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The Lying Life of Adults: A murky, exciting journey out of early adolescence

Fiction: The Lying Life of Adults

Elena Ferrante

Europa, 322 pages, hardcover €14.99; e-book £9.33

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The Lying Life of Adults by Elena Ferrante

The Lying Life of Adults by Elena Ferrante

The Lying Life of Adults by Elena Ferrante

The first I ever heard of Elena Ferrante was maybe five years ago, when an extremely well-read American friend - we'll call him E - was explaining why, after a lifetime, he had given up reading fiction. Essentially, E explained, it's not authentic; it's more about artifice than truth; it all felt rather pointless.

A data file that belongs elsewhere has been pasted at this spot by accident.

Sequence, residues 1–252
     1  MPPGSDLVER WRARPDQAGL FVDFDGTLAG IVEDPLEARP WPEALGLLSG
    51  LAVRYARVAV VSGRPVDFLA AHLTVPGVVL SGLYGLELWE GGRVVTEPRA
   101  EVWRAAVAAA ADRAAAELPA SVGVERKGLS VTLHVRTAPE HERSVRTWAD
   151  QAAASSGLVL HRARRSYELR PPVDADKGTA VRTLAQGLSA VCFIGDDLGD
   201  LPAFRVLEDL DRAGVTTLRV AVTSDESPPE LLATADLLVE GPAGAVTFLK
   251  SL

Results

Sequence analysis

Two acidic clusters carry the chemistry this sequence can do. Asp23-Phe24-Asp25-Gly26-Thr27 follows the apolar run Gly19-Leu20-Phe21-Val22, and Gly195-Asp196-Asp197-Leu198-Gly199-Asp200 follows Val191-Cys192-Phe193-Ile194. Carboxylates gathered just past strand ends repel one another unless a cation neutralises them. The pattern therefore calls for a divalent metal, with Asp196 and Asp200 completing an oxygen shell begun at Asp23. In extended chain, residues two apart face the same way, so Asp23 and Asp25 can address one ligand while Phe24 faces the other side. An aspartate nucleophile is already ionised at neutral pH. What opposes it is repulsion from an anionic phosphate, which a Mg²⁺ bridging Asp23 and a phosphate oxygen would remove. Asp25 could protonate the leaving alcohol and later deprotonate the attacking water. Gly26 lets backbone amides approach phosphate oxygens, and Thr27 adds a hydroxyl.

However, there was one exception: Ferrante's Neapolitan quartet, which had been published from 2011-14 in her native Italian, then each in translation roughly a year later, and was beginning to get real traction among Anglophone readers and critics.

E had never read anything quite like Ferrante, in terms of style - or rather, lack of style - or rather, there is a style but it's wrought so subtly that you don't realise it's there. It's evinced in her latest novel, The Lying Life of Adults, as clearly as in the Neapolitan novels.